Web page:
3. This guy who Wrote this article has no idea what is software And how it interacts with hardware.
    In the current market these so called analyst are just making things up to ride the apple ascension .

    1. Yes, clueless advisors and analysts. Do they not know that iOS is a subset of OS X? I believe that they do not understand that it is the kernel that does the translation of the instructions to the CPU. Different CPU different kernel.


  4. Not going to happen. There will by overlap between the two where they both can play off each other but there are some distinct differences.

    Just like a car can use a unibody frame and a truck requires a body on frame, there are certain infrastructure differences required by the devices.

  5. This guy appears to think that you need different versions of each tv show for each device you watch it on.

    Personally I would think a good move at this stage is to do a deal to bundle Apple TV’s with TV sets. Even without a cost saving, just getting it in front of people would increase sales and they wouldn’t have to really do anything.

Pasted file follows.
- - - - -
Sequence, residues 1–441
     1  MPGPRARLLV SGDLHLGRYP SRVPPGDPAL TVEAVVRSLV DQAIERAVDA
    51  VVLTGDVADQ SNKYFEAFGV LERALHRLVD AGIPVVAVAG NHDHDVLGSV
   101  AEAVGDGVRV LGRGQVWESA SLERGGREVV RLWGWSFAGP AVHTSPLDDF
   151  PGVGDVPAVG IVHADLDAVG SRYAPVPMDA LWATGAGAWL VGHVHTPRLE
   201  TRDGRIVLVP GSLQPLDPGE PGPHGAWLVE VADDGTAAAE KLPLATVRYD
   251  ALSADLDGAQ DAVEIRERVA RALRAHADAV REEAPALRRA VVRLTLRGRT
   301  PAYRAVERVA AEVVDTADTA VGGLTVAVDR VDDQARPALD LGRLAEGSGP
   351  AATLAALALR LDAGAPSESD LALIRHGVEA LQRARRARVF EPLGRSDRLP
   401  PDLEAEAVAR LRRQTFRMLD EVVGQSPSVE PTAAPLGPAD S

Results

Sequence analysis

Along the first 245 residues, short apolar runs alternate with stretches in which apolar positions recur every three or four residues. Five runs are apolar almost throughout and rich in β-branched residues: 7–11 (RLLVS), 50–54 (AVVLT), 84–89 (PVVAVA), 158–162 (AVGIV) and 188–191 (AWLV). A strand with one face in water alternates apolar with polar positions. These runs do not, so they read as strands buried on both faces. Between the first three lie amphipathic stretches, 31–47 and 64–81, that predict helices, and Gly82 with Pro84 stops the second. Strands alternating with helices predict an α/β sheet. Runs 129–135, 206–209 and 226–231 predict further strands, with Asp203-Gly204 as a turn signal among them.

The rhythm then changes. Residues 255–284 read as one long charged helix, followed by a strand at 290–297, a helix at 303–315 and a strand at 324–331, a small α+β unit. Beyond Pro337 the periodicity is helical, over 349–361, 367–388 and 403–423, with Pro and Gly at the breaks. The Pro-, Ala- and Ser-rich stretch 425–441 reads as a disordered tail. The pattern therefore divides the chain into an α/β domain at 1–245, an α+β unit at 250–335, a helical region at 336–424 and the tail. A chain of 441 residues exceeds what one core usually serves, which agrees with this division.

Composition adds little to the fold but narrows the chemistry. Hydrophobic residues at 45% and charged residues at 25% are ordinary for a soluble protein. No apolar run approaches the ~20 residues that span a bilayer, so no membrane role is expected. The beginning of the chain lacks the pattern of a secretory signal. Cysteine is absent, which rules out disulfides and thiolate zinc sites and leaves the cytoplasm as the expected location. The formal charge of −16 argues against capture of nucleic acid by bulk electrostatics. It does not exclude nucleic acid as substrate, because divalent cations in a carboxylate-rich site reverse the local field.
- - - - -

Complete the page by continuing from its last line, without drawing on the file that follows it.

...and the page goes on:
6. MDN is wrong this time around. This guy’s date is wrong…more like 2014. Apple doesn’t think small, and currently, iCloud is pretty average in what it will do, but
    Apple didn’t spend a billion in N.C. to just improve “push”
    They will integrate it across the board, do their own content
    licensing like Dish, DirectTV, and the cable arm-twisters do.
    It will also take out the Intel middleman and a TV/Cinema display as a monitor for all the devices and content streaming…makes perfect sense to me and 70 billion in cash can make this happen over time. Apple will be slow and careful, and eventually rule over TV and finally do what everyone else has tried to do…move into the living room.
    Watch it happen over the next few years…they now have the leverage to pull it off all the while simplifying the format wars, the licensing costs, and their own costs all in the process. It may be the A7, but unlikely the A6. I am not talking about the pro-desktop power machines…I am talking about enough processing power for the living room. It will all line up when 4G is affordable and accessible.

  7. WTF Whats this ‘merge’ talk? IOS is a subset of OS X OS X is IOS, and IOS is already a part of OS X, we don’t need no stinkin’ merge, there is NO merge.